Scholars are calling for Vietnam to see itself as a middle power and to behave like a true middle power to accommodate its growing role in regional settings. But is Vietnam already a middle power or just one in the making?
While there remains a range of perspectives on defining the typical features a middle power should possess, I suggest looking into Cooper’s middle power notion, with positional, geographic, normative, and behavioral approaches. A comprehensive probe into Vietnam’s normative and pragmatic power would provide a critical answer to its current status.
Vietnam satisfies the status condition of being situated in between large developed and large developing countries. With more than 97 million people, Vietnam ranks 15th out of 251 countries and territories by population. The young and vibrant population — mostly living in bustling metropolises like Ho Chi Minh City, Hanoi, and the central coastal city Da Nang — has constituted the emergence of Vietnam as a “next top model of growth,” with a psyche of being hungry for success. Vietnam’s economic resiliency, with real GDP growth of 7 percent in 2019, has accounted for “its deep integration with the global economy.” Via embracing trade liberalization, domestic reforms, and heavy public investments, Vietnam has become one of the top five economic freedom gainers in the Asia-Pacific region, ranking 21st among 42 regional countries. The country’s economic rise as the fastest-growing digital economy in the Asia-Pacific has made it a prime alternative manufacturing hub in Asia. According to the 2020 Lowy Institute Asia Power Index, Vietnam ranked 12th of 26 regional nations for comprehensive power and 11th in military capability. It was hailed as “a middle power in Asia.”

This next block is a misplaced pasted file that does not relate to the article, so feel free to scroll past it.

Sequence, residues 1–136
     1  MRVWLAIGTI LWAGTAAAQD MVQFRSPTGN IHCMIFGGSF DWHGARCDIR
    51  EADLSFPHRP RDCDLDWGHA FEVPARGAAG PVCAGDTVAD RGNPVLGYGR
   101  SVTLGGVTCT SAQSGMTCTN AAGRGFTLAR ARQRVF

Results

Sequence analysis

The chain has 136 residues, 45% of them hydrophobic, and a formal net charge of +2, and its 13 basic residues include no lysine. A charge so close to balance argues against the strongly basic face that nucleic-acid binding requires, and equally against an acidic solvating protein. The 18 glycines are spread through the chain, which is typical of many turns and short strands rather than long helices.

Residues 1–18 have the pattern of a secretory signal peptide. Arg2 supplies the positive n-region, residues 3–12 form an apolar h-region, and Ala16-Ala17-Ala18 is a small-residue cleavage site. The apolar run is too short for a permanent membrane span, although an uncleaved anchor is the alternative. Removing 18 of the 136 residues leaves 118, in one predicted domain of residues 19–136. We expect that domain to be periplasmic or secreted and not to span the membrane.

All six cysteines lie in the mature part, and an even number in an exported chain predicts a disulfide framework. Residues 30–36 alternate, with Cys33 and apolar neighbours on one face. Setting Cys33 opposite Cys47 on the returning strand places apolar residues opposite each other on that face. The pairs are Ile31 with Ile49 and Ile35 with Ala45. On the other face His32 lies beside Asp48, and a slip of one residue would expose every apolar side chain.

A geographic approach offers a strategic and long-term evaluation of Vietnam’s geopolitical status. Besides sitting next to northern giant China, Vietnam is located at the heart of Southeast Asia, facing the South China Sea with a coastline of more than 3,260 km and ringed by regional countries. Vietnam occupies an important strategic location, with a bridging role for continental and maritime Southeast Asian countries. Unlike the lingering tense relations between China and Taiwan and tumultuous inter-Korean relations, after the 1975 reunification, Vietnam has been quite successful in walking a delicate balance between the United States and China while seeking closer ties with like-minded countries. The emergence of the Indo-Pacific region offers more room for Vietnam to maneuver as its strategic location facilitates the interests of regional powers, like Japan, South Korea, India, and Australia, which have been striving to deepen their engagement with ASEAN. Now Vietnam seems to seek a favorable equilibrium amid regional great power rivalry and political uncertainties.
This article written by Huynh Tam Sang
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